There are a lot of exercises that can be performed on the Makiwara, but in my opinion there was always a certain lack of dynamics in the matter. Who would like to stand in front of a Makiwara every day like the old great masters and strike 10.000 Zukis in front of it? Not that I would have anything against a decent and extensive Makiwara training, but every now and then it may be something different with a little more movement! Apart from that, I like to experiment with new training methods, so that it never gets boring, and to see if a method might bring a better result...As you know, many roads lead to Rome...
Problem 1: The soundscape
I personally (and especially my neighbours) have always been worried that the Makiwara is very loud when you hit it. An insulation was needed, which reduces the noise drastically!
Problem 2: The technology (the iPad/tablet)
The technology of the iPad or any other tablet is more or less sensitive. Therefore it would not be a good idea to put pressure or other physical strain on the device. A solution must be found so that the iPad is close enough to the Makiwara to measure the impact pulse when the fist hits the Makiwara, but it must not be damaged by this!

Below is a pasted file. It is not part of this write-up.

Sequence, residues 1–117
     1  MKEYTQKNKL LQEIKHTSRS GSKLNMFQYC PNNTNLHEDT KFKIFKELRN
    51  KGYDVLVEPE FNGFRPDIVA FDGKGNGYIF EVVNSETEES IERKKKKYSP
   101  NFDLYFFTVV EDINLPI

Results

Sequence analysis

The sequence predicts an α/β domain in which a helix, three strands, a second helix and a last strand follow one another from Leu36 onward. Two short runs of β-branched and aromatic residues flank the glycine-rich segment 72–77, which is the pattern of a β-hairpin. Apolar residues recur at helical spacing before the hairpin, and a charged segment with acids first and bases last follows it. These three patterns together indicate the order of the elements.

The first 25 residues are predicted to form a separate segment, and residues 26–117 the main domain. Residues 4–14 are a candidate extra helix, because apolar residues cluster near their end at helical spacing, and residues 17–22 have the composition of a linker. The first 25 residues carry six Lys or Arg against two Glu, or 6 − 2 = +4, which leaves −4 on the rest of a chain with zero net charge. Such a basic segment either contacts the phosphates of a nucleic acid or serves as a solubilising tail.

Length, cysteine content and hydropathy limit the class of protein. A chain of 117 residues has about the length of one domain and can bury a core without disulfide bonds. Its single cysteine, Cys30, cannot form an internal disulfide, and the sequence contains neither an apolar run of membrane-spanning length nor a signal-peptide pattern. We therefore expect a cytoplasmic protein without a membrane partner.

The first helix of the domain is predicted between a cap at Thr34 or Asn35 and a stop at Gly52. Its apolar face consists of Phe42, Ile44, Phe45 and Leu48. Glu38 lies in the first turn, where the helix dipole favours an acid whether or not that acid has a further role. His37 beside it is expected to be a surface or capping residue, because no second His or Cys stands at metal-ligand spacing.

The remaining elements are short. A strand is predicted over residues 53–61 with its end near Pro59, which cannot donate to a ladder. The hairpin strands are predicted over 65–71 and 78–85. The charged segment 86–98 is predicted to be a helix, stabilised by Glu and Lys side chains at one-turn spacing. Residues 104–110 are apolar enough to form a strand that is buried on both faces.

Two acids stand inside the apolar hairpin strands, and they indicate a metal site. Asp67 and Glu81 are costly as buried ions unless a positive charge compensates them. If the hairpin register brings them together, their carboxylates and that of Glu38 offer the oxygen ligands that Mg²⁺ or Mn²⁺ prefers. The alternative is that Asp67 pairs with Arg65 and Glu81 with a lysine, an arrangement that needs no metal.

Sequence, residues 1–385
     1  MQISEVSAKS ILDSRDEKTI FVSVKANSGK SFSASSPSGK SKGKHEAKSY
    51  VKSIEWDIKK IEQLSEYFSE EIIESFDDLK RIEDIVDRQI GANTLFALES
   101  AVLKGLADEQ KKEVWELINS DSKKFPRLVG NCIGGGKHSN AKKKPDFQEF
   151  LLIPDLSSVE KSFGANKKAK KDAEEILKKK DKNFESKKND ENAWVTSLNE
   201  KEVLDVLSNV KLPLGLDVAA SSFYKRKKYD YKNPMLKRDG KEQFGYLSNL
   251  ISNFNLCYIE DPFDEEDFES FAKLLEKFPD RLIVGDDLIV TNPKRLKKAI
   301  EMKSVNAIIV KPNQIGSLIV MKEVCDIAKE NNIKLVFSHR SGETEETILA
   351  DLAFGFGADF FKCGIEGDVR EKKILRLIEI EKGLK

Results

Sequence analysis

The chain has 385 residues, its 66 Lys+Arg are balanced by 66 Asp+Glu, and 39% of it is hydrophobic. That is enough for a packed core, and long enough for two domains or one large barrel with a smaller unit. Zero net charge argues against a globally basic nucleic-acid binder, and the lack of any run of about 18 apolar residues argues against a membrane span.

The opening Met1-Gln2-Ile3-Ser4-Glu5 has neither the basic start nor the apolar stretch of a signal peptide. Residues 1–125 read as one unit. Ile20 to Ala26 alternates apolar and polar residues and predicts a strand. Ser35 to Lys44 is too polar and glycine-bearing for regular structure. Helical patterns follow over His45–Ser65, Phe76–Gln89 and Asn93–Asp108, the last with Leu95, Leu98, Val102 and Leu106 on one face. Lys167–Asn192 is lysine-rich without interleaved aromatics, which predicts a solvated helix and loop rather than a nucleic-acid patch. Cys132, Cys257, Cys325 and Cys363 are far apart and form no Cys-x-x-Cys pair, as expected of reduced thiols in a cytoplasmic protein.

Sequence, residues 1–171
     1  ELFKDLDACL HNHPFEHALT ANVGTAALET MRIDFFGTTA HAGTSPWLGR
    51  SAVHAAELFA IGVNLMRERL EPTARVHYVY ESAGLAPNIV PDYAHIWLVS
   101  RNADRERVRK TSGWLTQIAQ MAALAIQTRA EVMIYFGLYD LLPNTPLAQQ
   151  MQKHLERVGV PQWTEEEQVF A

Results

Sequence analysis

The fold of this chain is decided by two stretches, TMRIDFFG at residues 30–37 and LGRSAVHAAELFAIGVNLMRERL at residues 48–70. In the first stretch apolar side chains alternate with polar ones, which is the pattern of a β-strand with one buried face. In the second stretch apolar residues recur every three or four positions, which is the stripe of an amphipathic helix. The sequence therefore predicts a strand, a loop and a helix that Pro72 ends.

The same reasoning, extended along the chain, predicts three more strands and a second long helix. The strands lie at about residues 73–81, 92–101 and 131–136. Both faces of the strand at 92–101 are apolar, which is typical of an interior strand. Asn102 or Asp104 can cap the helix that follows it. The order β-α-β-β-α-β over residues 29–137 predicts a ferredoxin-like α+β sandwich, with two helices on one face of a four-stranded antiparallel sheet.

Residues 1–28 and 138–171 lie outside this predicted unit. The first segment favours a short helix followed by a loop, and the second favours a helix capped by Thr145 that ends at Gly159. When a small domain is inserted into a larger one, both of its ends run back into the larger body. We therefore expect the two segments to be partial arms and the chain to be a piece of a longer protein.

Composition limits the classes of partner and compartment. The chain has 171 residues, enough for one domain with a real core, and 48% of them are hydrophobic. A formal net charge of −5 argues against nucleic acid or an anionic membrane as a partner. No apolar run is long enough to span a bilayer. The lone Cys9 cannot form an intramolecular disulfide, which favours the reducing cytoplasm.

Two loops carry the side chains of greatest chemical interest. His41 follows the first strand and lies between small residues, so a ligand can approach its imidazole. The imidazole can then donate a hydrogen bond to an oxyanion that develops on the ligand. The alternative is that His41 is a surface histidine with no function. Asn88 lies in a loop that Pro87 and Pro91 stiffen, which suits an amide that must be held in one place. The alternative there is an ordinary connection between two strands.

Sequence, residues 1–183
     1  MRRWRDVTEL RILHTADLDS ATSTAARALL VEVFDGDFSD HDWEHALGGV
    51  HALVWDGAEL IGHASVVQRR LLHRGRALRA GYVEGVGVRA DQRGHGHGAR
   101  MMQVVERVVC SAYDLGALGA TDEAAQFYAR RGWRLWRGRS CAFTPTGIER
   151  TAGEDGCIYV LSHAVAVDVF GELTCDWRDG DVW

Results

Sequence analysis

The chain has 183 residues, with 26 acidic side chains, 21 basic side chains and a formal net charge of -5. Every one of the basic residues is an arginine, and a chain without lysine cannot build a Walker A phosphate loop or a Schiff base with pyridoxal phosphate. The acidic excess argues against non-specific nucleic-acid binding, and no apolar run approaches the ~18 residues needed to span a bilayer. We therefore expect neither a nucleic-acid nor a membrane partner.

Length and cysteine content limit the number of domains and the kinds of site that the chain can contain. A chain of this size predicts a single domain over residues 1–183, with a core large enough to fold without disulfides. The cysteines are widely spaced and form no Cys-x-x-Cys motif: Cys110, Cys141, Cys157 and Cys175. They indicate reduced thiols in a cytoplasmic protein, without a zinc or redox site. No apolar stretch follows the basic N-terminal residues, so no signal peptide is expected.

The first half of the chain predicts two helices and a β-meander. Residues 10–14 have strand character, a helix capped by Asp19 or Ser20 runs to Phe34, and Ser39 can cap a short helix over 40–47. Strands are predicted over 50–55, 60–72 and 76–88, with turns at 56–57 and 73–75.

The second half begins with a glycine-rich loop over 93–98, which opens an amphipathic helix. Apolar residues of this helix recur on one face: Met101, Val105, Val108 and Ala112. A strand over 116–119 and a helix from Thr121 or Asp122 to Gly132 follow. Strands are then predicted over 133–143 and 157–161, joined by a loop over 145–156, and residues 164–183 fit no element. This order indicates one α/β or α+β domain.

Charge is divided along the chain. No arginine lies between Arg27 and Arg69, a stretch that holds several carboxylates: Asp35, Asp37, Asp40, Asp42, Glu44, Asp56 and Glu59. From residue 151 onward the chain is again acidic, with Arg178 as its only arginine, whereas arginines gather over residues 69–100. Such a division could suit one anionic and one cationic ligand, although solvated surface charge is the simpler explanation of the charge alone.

Basic structure, material and preview - Makiwara 2.0
- 1 Wooden board (ca. 40x60cm)
- 1-2 Wall-Makiwara (if one decides to do so, some screws and hinges from the wall Makiwara can be used.)
- approx. 80cm long wooden strip, approx. 2.5cm wide (e.g. from an old picture frame)
- 2 small metal hinges
- 4 dowels and suitable screws (4,5-6cm long, 1cm diameter)
- 6-8 Wood screws (1cm)
- 6-8 Wood screws (2-2,5cm)
- 12 Wood screws (4cm)
- 12 Felt coasters (which are usually stuck under tables and chairs)
- 1 Roll of window sealant for inside (foam layer on double-sided adhesive tape)
- 1 iPad (iOS)
- Drilling machine and masonry and wood drills
- Cordless screwdriver
- Wood saw or jigsaw
- Folding rule
- Writing utensils (sheet of paper, ballpoint pen/pencil)
First, remove all screws and brackets on the back of the wall makiwara.